Capital adequacy requirements is a topic that lately may have become lost amid the chaos of the financial markets, but now the Alternative Investment Management Association says the hedge fund industry needs make this a priority if managers are to come through the current turbulence intact.
Although the UK's Financial Services Authority requires all investment firms to comply with the Internal Capital Adequacy Assessment Process for quantifying risk, Aima argues that there is greater need than ever for firms to have robust procedures in place. 'The hedge fund industry has embraced the capital adequacy debate proactively and the sophisticated risk management techniques undertaken by hedge funds make this framework possible,' says Aima deputy chief executive Andrew Baker.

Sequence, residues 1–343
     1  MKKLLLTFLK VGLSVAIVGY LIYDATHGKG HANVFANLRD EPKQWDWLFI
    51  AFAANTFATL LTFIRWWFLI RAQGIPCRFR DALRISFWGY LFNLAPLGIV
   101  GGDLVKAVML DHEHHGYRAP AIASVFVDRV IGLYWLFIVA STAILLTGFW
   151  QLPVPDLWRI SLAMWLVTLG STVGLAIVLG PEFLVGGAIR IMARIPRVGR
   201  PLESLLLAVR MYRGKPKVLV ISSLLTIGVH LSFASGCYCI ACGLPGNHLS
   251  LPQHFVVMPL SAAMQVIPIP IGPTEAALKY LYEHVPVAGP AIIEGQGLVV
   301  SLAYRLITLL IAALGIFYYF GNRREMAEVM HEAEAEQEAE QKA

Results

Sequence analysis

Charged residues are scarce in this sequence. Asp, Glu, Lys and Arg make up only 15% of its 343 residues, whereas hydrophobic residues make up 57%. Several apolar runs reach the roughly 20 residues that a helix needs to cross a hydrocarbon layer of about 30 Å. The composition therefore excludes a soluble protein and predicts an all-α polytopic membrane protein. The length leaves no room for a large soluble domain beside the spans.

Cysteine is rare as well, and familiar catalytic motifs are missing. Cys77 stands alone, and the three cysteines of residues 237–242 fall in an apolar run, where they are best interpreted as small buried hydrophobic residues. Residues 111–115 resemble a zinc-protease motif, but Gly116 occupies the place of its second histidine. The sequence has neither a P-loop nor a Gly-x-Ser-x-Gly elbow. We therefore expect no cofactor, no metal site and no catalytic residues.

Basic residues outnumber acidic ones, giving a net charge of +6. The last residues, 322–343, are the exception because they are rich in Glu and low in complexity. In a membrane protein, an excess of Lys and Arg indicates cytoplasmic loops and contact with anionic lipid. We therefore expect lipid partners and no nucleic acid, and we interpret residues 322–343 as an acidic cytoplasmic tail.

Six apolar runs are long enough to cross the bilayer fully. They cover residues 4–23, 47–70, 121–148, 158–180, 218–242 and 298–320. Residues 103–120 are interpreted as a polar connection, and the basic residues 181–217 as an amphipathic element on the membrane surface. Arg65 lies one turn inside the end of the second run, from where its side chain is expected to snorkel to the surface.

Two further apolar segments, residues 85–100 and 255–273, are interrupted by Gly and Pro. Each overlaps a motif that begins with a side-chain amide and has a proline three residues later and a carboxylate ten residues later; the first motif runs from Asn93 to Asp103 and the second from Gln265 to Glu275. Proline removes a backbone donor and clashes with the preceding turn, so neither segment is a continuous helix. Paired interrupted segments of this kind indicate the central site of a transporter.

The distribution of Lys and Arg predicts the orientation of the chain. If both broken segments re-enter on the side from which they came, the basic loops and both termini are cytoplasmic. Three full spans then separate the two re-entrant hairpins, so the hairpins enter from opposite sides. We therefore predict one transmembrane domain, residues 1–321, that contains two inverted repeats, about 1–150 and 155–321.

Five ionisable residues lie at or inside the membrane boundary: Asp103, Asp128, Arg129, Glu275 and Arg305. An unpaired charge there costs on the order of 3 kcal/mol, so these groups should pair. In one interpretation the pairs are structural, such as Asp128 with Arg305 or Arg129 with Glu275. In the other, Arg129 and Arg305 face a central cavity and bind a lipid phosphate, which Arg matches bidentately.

It may now be time for the FSA to put in place more concrete and better-policed requirements. Chairman Lord Adair Turner told delegates at a recent conference: 'Regulatory regimes will, I am sure, demand more capital in financial intermediation, both through higher capital requirements for banks and more effective steps to prevent highly-leveraged shadow banking entities escaping capital regimes.'
But now it is time to walk the walk. The FSA has shown that it can take tough measures with its recent clampdown on short selling, whatever one thinks about the advisability or effectiveness of its approach. It's probably time for that firmness to be directed toward ensuring that all institutions, from banks to hedge funds, have the capital they need to operate without risking disaster.